Like most things in our world today, technology and applied sciences directly impact the totality of our world. While physical fitness practices continually evolve and improve, much of today’s martial arts have evolved very little; at least as it relates to practical application and technical effectiveness. No big wonderment here. The martial arts in general define their very existence on the unquestionable adherence to that style’s specific technical performance or basics. “Duh”, you say? Whoa partner, whoa … not so fast. Let’s take a little deeper dive into some muddy waters.
As a competitor and coach, I continually updated and developed training methods to increase my capacity to win as well as that of my students. I cross trained in boxing and grappling, weight training, speed drills, jogging and sprints, meditation, nutrition, positive thinking; basically anything I could find that would give me that millisecond advantage. And for the most part, I enjoyed success in the ring.
Then comes that little rascal known as Kata, poking its head up from its little kata nest. Unlike fighting, where even the less technical fighter can come out on top, Kata relies on audience appeal, including that of the judges. In this arena, practicality has little to do with scoring a high mark. This even applies to “traditional” tournaments. The rules and regulations of international (Olympic/Pan-Am Games, World Karate Federation, Intl Shotokan Karate Assn, etc.) and national (USANKF, AAU, USKA, etc.) organizations impose very strict performance standards in the “open” divisions with even greater restrictions on standardized “shite” kata. Like gymnastics or figure skating, the slightest fault in balance or timing can be very costly.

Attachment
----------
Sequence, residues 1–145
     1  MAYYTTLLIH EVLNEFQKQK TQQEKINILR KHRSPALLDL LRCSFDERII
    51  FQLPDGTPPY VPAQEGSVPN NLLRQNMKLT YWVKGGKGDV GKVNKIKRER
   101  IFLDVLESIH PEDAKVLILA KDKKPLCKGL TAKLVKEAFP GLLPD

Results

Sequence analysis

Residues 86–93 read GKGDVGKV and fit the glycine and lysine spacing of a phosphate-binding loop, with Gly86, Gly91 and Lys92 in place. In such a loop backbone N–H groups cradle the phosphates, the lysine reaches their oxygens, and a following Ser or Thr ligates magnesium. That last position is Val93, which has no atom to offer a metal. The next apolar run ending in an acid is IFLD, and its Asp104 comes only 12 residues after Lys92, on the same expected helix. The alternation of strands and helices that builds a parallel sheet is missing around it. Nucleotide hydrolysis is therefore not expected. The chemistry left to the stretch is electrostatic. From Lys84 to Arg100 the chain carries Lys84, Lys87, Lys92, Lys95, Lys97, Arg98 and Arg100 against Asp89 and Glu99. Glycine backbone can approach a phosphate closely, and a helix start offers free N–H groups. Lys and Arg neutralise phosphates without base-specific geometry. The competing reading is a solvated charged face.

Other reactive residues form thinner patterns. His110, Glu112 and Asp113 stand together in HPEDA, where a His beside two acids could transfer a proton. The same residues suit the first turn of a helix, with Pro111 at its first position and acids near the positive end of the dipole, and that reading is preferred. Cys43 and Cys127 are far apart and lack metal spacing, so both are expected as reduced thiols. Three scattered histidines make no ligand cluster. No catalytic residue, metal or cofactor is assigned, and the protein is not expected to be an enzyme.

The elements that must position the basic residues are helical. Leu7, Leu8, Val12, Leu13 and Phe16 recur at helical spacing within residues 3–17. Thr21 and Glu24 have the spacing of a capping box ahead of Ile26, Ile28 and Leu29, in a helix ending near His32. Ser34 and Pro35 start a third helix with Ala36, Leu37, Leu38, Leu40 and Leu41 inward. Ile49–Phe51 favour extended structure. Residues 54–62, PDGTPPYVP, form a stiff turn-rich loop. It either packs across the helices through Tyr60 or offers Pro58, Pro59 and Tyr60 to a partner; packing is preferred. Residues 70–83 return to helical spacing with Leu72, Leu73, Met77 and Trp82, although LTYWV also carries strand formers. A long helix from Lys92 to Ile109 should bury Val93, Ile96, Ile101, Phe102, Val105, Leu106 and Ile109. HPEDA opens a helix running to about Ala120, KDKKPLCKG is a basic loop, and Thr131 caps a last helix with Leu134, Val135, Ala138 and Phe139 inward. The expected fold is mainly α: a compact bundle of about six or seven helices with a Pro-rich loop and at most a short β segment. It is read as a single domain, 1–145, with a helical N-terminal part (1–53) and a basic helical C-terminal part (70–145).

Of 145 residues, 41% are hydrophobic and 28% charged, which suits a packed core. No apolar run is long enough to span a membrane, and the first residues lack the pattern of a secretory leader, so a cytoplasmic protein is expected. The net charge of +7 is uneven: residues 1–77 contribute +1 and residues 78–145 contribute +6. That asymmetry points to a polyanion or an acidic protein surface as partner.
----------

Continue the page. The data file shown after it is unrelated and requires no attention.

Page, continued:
Then we have open tournaments that place great importance on athleticism over practical application. Exaggerated pauses, “kiais” on every other technique, back flips and aerials, 10 straight up round kicks while turning on the supporting foot, spinning staffs and “glow in the dark” nunchaku are the new “basics”. Don’t misjudge me. I enjoy watching these concerts. While these new kata kings and queens have impressive athletic skills, even they understand this is sport karate, a performance art, all without intent to be used as an effective self-defense method. While Michael Phelps is indisputably one of the fastest competitive swimmers in the world today, he plays in the safe setting of a temperature controlled pool free of rip currents, under tows, crashing waves and a panicked, drowning victim. His greatest opponent is the clock. Hunting a deer requires completely different trainings and psychological abilities than serving as a Marine sniper. This is neither good nor bad. It is because of Karate’s modification into a globally practiced sport that I am writing this very blog. Understanding that, though similar in appearance, any sport derived from its parent combat form is just that, a simulation.